Hackers always wear ski masks. I have watched enough corporate training videos to know this for a fact. I would say that these ski masks are for hiding the hacker’s identity, but they seem a little unnecessary given that hackers always work from dark basements illuminated only by the eerie green light of their computer screens. Of course, I am not a technical person myself, so I attribute my confusion on this matter to ignorance.
This is what Jake looked like when he worked from the basement of his parent’s house. He told them he had gotten a scholarship to Rouvin University, but in actuality he had been funding his education by stealing personal information and selling it on the dark web.
Now, according to my research, hacking involves typing furiously for a good sixty seconds and then slamming the enter key. If upon doing so, strings of green zeros and ones started shooting vertically up a dark screen, your hacking was successful.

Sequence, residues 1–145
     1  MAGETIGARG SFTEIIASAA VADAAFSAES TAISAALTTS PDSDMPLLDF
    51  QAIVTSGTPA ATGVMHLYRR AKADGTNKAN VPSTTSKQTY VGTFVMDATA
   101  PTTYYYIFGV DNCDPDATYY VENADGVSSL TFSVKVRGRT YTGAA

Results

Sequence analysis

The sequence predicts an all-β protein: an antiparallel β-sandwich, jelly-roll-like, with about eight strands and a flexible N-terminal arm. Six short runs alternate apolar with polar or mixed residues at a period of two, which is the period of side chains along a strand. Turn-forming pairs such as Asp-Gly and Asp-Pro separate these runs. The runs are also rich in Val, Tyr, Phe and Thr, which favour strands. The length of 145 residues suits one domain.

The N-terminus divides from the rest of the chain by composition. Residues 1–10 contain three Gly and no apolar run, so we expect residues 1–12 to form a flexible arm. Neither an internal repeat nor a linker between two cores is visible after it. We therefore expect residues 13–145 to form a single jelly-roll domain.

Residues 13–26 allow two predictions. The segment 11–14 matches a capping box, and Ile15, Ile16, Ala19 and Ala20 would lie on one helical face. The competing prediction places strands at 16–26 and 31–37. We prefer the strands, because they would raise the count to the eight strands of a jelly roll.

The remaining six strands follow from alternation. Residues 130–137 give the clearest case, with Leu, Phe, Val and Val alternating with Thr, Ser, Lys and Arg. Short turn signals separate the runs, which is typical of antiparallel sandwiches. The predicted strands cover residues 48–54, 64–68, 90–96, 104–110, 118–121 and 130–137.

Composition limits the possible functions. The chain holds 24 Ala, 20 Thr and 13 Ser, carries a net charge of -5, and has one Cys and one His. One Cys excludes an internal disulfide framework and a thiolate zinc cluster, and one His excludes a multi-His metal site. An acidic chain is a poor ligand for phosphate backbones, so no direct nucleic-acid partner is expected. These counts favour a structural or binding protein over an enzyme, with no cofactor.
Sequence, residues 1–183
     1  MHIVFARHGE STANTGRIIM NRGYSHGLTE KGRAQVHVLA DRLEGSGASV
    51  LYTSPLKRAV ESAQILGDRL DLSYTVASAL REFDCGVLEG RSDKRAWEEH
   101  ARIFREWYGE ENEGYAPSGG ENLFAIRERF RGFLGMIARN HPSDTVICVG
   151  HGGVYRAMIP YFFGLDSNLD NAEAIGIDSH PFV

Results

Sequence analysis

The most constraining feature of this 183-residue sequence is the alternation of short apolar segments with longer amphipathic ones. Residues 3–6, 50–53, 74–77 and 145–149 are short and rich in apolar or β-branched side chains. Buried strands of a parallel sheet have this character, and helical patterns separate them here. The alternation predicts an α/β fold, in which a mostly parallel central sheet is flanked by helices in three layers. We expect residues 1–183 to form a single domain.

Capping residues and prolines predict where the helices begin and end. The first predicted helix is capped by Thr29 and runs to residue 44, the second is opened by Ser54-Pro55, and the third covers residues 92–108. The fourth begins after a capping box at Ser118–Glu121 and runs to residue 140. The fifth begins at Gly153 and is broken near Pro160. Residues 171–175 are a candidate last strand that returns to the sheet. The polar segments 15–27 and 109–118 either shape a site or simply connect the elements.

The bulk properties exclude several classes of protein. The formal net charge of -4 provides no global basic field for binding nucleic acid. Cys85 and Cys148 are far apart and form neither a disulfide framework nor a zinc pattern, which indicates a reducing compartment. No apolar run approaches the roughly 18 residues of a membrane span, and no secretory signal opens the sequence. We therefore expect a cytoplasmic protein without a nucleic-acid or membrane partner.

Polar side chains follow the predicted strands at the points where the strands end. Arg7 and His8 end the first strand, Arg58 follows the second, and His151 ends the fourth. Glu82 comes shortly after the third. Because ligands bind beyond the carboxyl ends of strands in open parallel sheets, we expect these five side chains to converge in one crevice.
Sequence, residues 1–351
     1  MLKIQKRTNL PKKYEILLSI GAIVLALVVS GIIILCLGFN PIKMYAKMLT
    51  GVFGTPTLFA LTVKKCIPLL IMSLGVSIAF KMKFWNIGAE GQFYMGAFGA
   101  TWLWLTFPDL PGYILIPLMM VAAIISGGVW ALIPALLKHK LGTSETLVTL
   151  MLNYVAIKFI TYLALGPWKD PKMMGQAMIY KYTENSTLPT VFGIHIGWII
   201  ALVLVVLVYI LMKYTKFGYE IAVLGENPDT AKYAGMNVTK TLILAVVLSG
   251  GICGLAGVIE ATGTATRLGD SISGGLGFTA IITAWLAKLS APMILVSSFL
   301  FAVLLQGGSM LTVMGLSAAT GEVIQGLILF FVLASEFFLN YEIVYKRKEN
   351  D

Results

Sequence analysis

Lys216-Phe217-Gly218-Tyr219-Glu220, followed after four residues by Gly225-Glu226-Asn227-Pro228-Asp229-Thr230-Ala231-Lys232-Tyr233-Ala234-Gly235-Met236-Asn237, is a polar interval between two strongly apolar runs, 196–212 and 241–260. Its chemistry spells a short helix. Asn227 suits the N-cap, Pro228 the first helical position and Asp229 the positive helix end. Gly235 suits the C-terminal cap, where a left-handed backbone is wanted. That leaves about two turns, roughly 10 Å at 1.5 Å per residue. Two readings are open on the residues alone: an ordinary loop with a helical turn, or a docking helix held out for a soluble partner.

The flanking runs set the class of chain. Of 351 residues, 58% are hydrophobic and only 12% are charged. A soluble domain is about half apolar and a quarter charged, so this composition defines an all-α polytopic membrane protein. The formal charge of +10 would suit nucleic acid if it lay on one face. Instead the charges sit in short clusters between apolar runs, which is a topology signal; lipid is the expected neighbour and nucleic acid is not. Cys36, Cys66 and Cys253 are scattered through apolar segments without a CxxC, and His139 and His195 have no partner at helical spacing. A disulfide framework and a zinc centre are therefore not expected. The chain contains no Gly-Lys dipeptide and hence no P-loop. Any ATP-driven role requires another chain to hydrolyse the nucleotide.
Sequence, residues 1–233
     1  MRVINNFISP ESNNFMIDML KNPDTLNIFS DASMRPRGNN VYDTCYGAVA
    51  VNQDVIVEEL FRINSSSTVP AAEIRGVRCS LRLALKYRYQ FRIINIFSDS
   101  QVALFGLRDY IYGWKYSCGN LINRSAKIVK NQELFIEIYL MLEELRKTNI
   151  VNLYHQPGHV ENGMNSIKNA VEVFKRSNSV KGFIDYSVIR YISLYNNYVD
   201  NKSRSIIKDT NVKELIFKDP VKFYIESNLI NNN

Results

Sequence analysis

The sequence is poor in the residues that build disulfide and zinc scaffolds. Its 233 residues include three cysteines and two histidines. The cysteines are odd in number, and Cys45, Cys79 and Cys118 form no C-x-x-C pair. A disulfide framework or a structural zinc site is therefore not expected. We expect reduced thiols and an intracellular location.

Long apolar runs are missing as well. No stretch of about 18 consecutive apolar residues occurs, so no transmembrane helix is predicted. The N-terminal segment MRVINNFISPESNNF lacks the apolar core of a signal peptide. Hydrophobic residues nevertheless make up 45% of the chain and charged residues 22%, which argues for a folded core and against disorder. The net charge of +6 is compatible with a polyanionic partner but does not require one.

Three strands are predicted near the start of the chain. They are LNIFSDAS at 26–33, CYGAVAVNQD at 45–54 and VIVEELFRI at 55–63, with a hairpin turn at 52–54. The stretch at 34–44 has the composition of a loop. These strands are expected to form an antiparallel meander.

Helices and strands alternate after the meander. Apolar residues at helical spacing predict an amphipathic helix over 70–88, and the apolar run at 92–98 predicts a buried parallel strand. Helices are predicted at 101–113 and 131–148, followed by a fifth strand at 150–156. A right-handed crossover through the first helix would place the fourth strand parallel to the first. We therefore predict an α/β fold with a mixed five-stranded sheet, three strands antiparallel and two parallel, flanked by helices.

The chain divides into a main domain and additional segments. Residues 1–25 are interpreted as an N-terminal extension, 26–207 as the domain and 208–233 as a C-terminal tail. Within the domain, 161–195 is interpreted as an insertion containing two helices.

Jake did exactly this. His target was the Social Security Administration’s database. His heart pounded as those green letters flickered up the screen.
His hands trembled with exhilaration. He breathed deeply, trying to calm his nerves.
The code dispersed revealing a webpage, but not the one he was hoping for. He stared for a long moment at the screen.
He was in some kind of a document.
It was titled: Llama Lover.
Jake’s lips twisted into a puzzled half smile. He started reading:
It was a memory, clear as glass and old as time.